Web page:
Our self-assigned mandate exposes us to charges of cultural imperialism, of acting on the arrogant supposition that American journalistic standards and practices are appropriate for the rest of the world. We are accused of imposing alien "Western" or even peculiarly "Anglo-Saxon" values on societies that purportedly do not share our views of free speech and individual liberties. Yet the loudest and bitterest complaints about the imprisonment of Ocak Is¸ik Yurtçu came from Yurtçu's own Turkish colleagues, and we responded to their request for support. It is not CPJ's board of directors but the brave and vibrant community of reporters and editors in Hong Kong that has been most vociferous in calling upon Beijing to respect their local tradition of freedom of the press when China assumes sovereignty in the summer of 1997. And in Cuba, where the government has long contended that independent journalism is inherently subversive if not treasonous, it is not visiting American correspondents who risk jail and worse by daring to report uncensored news, but the local reporters who have refused as a matter of principle to work further for state-owned media.

Our formal letters of protest to foreign governments cite not the First Amendment, but the marvelously inclusive Article 19 of the Universal Declaration of Human Rights, which guarantees all citizens of all founding members of the United Nations the right "to seek, receive and impart information and ideas through any media and regardless of frontiers." Drafted a half-century ago, Article 19 even anticipated the Internet.

But we are ultimately guided by the ethos of American journalism, which, in its strict and constitutionally protected separation from government, is seen as a model by news professionals around the world. There are certain principles we uphold as universal goals which may be implicit in the sweeping promise of Article 19, but which have become explicit in U.S. law. Among them, to choose one important example, is the idea that elected officials should have no more protection from critical press coverage-and ideally much less-than that of any other citizen. Yet in many new self-described democracies it is a criminal act to "insult" the integrity or capacity of the president or prime minister. Another peculiarly American notion we seek to export is that the truth-the unchallenged facts of the matter-should be an ironclad defense against libel. Like most American journalists, we believe the best press law is no press law: The Jeffersonian principle that the government which governs least governs best strikes us as universally applicable at least in the arena of official regulation of the news media.

And, finally, in an era when U.S. power is again an incontrovertible fact, CPJ's ability to influence American opinion, and ultimately American policy, may be our biggest contribution to our colleagues abroad.

As an organization, CPJ is something of a hybrid. We are journalists acting on behalf of other journalists. As journalists, we must be careful with the facts, and careful to distance ourselves from political factions and ideologies. (That is one reason we refuse to accept government funds-a position seen as another aspect of CPJ's peculiarly American character.) But we are also an advocacy organization-taking positions forcefully and publicly in a way that most journalists ordinarily would not and often should not. On matters of philosophy, we make no pretense at objectivity: We oppose all forms of censorship, all attempts to harass or coerce or co-opt journalists in an attempt to control the news. And we reflexively prefer private media to state-run news organizations, NPR and the BBC notwithstanding. All this is also seen as a quintessentially American bias.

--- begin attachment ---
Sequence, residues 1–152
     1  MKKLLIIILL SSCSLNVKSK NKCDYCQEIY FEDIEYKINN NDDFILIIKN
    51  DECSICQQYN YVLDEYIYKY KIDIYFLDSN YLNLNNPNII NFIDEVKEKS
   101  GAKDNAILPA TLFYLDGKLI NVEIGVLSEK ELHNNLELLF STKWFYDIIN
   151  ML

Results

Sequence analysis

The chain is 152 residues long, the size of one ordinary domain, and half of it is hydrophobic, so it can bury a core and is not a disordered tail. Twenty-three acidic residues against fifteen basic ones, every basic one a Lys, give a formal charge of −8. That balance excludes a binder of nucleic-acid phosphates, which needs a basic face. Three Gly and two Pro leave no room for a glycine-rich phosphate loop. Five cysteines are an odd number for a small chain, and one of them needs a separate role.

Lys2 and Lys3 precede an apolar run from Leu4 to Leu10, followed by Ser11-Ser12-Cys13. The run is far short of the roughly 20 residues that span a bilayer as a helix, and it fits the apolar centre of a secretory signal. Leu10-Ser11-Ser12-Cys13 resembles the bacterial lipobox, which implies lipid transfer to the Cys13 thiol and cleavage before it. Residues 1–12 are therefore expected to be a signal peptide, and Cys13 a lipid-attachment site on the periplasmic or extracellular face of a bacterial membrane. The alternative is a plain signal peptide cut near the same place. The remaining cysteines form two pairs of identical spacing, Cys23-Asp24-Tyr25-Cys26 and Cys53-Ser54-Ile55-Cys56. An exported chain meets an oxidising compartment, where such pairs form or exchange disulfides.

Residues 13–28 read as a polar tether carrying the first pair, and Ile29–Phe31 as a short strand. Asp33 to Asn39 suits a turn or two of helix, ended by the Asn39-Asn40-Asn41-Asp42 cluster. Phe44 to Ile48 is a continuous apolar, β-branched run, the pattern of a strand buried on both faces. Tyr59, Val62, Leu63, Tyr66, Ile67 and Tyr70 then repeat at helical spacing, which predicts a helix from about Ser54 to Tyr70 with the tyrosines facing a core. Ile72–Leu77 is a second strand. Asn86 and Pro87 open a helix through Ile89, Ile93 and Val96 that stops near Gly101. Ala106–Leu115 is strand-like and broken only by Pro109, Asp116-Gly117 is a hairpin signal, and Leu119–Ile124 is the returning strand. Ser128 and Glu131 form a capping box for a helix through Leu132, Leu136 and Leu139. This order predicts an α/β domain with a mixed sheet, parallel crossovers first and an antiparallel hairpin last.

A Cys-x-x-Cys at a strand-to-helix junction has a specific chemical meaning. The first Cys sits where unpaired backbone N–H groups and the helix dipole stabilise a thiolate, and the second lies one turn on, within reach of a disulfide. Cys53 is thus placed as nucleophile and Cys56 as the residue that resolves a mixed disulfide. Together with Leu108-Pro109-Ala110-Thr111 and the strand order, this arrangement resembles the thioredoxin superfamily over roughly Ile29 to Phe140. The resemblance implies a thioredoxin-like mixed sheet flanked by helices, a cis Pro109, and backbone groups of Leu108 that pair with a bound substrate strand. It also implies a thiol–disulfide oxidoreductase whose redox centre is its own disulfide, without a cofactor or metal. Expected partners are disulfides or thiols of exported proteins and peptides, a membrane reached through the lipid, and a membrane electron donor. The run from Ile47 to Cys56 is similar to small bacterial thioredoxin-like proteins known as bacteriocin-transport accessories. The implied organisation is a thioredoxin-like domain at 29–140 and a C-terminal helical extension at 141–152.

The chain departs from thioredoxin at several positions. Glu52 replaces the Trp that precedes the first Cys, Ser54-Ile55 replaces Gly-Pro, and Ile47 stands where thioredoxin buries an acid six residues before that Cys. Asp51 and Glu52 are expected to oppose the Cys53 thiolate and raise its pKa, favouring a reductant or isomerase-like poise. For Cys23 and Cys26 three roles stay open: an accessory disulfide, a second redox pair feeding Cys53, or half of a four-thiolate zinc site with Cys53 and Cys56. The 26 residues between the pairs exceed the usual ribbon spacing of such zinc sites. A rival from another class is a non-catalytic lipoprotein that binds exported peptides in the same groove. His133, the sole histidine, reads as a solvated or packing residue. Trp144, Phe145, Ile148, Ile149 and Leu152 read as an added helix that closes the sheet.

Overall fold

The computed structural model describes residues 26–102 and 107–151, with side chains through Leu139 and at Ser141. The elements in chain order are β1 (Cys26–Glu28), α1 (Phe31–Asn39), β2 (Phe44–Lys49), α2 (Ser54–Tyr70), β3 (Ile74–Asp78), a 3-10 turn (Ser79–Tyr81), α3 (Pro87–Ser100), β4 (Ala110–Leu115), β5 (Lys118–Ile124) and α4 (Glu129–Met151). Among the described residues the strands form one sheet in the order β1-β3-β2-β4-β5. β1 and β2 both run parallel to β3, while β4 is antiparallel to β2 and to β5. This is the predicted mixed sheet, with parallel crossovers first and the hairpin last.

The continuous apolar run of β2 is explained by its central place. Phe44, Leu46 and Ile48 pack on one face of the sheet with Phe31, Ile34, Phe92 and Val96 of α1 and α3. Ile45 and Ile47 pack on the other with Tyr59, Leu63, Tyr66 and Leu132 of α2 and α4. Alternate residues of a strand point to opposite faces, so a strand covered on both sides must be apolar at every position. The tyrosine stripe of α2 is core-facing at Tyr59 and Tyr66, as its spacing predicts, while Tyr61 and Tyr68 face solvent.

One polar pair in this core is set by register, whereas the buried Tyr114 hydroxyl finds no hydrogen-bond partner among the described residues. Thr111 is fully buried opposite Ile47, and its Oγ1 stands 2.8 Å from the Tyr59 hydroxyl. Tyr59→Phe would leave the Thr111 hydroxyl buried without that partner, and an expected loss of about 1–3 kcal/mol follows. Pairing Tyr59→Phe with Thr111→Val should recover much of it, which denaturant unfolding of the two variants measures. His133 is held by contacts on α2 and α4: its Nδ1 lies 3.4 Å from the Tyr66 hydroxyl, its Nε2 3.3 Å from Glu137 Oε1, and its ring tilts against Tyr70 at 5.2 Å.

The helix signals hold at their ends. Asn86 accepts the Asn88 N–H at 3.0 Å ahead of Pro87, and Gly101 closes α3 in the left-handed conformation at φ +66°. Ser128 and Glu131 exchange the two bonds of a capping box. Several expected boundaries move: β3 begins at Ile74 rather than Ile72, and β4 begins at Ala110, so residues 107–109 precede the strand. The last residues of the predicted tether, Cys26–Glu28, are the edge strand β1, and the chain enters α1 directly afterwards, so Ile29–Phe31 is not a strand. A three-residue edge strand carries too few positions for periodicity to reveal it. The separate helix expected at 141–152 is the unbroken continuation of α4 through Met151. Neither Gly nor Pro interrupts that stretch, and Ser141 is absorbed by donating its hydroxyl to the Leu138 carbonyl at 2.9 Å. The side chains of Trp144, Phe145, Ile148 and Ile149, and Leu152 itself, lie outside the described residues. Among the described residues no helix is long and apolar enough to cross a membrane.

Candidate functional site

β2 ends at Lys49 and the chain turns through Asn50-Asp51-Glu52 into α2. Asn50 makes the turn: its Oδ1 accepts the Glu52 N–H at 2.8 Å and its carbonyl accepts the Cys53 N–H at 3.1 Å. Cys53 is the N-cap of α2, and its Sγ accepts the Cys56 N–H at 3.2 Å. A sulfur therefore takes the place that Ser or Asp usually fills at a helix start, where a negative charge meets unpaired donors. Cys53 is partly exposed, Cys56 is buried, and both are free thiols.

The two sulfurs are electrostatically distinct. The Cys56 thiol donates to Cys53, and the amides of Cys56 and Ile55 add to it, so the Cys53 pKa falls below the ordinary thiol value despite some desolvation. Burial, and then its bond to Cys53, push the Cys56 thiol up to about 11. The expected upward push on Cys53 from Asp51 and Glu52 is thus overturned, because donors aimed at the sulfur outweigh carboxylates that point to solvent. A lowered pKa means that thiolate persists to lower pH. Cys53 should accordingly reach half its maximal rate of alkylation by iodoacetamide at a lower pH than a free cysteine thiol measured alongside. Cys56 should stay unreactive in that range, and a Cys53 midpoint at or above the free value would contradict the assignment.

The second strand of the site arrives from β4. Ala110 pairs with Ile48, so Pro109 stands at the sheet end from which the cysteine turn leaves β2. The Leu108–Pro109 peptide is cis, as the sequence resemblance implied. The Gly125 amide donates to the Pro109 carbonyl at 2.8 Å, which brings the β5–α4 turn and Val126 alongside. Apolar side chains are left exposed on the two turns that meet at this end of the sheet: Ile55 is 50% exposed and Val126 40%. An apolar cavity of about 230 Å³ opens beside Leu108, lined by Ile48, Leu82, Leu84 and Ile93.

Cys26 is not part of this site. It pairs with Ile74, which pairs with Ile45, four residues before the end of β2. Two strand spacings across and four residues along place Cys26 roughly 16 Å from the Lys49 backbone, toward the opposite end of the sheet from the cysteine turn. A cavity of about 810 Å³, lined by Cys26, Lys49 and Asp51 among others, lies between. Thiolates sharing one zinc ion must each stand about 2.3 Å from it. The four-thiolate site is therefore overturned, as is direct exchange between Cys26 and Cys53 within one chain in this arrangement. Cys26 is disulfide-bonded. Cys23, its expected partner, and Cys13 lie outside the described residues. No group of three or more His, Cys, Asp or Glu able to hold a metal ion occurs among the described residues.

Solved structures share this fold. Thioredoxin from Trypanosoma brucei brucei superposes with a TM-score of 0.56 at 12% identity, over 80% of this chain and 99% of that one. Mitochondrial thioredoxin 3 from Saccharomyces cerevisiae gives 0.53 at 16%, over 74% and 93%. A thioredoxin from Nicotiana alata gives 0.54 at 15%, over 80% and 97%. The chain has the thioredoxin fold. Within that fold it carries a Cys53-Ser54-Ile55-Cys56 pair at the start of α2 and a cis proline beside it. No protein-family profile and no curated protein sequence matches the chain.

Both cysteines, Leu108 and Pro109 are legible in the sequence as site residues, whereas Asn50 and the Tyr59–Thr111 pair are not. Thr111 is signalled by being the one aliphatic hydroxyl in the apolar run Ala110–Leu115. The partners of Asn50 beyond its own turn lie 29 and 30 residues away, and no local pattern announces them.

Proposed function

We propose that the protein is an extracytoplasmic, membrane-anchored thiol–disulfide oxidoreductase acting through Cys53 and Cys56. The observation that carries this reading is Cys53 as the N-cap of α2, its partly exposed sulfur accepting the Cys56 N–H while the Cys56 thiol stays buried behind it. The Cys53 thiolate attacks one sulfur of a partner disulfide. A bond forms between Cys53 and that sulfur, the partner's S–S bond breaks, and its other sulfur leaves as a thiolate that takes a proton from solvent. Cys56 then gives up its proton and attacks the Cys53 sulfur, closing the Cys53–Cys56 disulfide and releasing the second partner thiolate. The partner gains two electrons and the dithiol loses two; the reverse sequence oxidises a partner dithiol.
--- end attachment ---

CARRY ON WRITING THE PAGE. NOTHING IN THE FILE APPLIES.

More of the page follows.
We are very much part of the human rights community in the United States as well as internationally. Freedom of expression is among the most fundamental of human rights: We take seriously our responsibility to defend not just journalists, but the public at large. And of the journalists we defend many are in trouble precisely because of their reporting about human rights violations. But what distinguishes us from the human rights world is that we are ultimately a professional organization, colleagues defending colleagues.

Killing the Messenger

The hard news generated by this annual report in past years has too often been that more journalists than ever had been killed in the line of duty. There were 72 documented cases in 1994, up from 64 in 1993 and exceeding the previous record toll of 66 in 1991. In 1995, however, with 57 documented cases (51 murders; six accidental deaths), the death toll dropped significantly. In 1996 this downward trend continued, with 26 documented murders, the lowest number CPJ has recorded in a decade, and just one accidental death.

Still, it can hardly be a source of comfort that we were able to document 26 cases of journalists who were murdered last year simply because of their work as journalists. In another eight homicides in 1996 we suspect but cannot clearly establish that causal link.